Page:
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Study suggests marijuana use more harmful for teenagers
One-by-one, local, provincial, and federal politicians are coming out of from behind that kind of smelly fog to confess, "Yes, I have smoked pot."
It began with Liberal leader Justin Trudeau last week, and three well-known Ontario politicians ante'd up to it yesterday – Toronto mayor Rob Ford, Ontario premier Kathleen Wynne, and London mayor Joe Fontana.
"I was a drummer in a rock band in the late '60s," said Fontana. "What do you think I was doing? ... I never exhaled."
(As the Huffington Post B.C. pointed out on Thursday, Vancouver mayor Gregor Robertson and premier Christy Clark have also admitted to and not denied (respectively) toking in the past.)
But a study conducted by researchers from the Universite de Montreal and the Icahn School of Medicine (in New York) suggests marijuana might be even riskier for teenagers than was previously thought. The study examined 120 cases of "cannabis and teenage brain development" and said teens were at risk of developing addiction and mental health problems.
According to the study, the teenage brain is still learning how to fine-tune the interaction between its different areas, for example those that develop memory and learning.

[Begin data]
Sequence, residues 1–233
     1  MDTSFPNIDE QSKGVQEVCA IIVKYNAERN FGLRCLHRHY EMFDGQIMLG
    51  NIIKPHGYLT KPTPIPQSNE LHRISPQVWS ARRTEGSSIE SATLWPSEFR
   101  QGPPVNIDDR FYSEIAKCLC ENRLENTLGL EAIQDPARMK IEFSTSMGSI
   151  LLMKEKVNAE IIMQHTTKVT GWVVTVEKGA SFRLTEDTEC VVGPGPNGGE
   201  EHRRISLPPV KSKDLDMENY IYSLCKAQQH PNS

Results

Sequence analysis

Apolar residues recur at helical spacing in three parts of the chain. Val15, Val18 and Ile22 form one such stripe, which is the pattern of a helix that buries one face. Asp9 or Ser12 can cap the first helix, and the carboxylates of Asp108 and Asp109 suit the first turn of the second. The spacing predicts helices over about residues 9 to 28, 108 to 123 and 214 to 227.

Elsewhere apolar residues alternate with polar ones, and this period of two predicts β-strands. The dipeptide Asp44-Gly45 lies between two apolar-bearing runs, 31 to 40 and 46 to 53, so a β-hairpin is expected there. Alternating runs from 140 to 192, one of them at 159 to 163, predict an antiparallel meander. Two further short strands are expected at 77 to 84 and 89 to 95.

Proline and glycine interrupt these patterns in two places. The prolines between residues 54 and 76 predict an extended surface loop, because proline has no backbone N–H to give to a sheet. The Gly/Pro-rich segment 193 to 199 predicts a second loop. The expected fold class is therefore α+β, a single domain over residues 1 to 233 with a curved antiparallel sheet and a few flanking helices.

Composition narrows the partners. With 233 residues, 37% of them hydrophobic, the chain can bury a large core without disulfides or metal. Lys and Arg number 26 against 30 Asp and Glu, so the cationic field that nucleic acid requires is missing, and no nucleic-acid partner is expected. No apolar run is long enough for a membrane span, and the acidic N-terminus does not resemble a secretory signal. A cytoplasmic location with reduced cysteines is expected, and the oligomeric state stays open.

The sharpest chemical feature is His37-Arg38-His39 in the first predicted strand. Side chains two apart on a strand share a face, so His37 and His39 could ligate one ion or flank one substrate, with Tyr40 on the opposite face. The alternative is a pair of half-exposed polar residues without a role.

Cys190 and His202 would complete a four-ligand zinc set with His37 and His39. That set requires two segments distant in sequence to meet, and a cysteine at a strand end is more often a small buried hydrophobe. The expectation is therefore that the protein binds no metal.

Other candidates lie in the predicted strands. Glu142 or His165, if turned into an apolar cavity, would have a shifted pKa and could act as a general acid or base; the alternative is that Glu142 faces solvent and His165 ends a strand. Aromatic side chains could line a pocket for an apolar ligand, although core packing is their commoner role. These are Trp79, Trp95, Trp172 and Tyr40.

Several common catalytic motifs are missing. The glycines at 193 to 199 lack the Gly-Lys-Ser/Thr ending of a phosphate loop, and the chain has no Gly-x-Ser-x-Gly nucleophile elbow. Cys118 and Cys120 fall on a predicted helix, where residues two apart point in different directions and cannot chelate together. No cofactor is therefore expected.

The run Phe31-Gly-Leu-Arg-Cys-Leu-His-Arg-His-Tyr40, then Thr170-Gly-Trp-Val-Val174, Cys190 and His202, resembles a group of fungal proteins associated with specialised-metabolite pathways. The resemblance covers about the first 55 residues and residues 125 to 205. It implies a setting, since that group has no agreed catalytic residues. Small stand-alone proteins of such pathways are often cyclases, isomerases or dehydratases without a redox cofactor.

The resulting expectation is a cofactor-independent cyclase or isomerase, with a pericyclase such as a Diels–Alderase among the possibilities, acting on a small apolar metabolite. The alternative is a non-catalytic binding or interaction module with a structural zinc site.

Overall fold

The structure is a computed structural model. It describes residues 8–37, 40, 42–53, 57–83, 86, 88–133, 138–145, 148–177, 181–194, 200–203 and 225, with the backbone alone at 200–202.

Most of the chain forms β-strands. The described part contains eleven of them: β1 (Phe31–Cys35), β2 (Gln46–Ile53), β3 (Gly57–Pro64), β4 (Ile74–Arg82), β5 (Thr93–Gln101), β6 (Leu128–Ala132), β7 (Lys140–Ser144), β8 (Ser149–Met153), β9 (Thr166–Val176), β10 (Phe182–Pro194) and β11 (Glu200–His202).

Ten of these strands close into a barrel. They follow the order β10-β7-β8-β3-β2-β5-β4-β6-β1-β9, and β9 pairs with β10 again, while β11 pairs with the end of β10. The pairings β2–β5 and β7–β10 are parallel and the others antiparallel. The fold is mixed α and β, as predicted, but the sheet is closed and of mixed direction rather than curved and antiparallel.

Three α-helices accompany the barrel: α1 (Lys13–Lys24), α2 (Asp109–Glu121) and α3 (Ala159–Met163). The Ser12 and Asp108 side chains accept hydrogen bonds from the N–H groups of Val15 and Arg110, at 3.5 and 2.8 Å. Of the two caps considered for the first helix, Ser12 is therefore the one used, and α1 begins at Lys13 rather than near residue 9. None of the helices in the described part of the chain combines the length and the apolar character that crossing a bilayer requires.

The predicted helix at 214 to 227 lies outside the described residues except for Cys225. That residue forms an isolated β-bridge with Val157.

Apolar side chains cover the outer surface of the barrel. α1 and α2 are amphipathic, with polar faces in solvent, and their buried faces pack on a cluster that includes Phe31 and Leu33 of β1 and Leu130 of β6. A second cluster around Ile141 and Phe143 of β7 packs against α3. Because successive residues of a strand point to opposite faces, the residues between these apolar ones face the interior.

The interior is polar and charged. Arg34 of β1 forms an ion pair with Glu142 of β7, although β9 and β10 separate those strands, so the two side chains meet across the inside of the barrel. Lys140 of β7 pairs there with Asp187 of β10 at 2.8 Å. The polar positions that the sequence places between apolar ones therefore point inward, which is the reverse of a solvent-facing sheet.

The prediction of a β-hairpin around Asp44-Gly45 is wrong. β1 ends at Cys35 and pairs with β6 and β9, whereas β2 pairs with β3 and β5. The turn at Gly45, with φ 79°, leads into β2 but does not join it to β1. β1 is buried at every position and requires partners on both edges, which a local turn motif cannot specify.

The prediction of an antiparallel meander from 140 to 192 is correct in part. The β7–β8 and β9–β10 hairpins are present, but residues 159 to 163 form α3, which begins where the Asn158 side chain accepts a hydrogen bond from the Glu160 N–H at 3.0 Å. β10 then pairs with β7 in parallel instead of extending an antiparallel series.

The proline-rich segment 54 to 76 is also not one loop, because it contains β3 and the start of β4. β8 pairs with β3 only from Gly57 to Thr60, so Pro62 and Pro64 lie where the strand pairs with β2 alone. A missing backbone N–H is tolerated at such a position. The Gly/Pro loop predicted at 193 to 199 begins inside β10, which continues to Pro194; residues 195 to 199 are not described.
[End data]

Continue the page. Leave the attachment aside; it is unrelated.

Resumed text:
"When you disrupt this, actually, development, during adolescence, notably through cannabis use, you can have very pervasive, very negative effects in the long-term, including on mental health and addiction risk," said Dr. Didier Jutras-Aswad, who was co-author of the review, to CBC News.
"For me, the question is not about whether cannabis is good or bad, but who is more likely to suffer from problems in cannabis, because we know for most people that will not happen."
Scientists also concluded the effects of cannabis use on the brain varied between the frequency of use, the individual, and the age at which it is being used.
"When the first exposure occurs in younger versus older adolescents, the impact of cannabis seems to be worse in regard to many outcomes such as mental health, education attainment, delinquency and ability to conform to adult role," said Jutras-Aswad (according to England's Daily Mail).
The Daily Mail also quoted the report as saying that a quarter of teenage users develop a dependency on the drug, and that effects could be tied to genetic factors.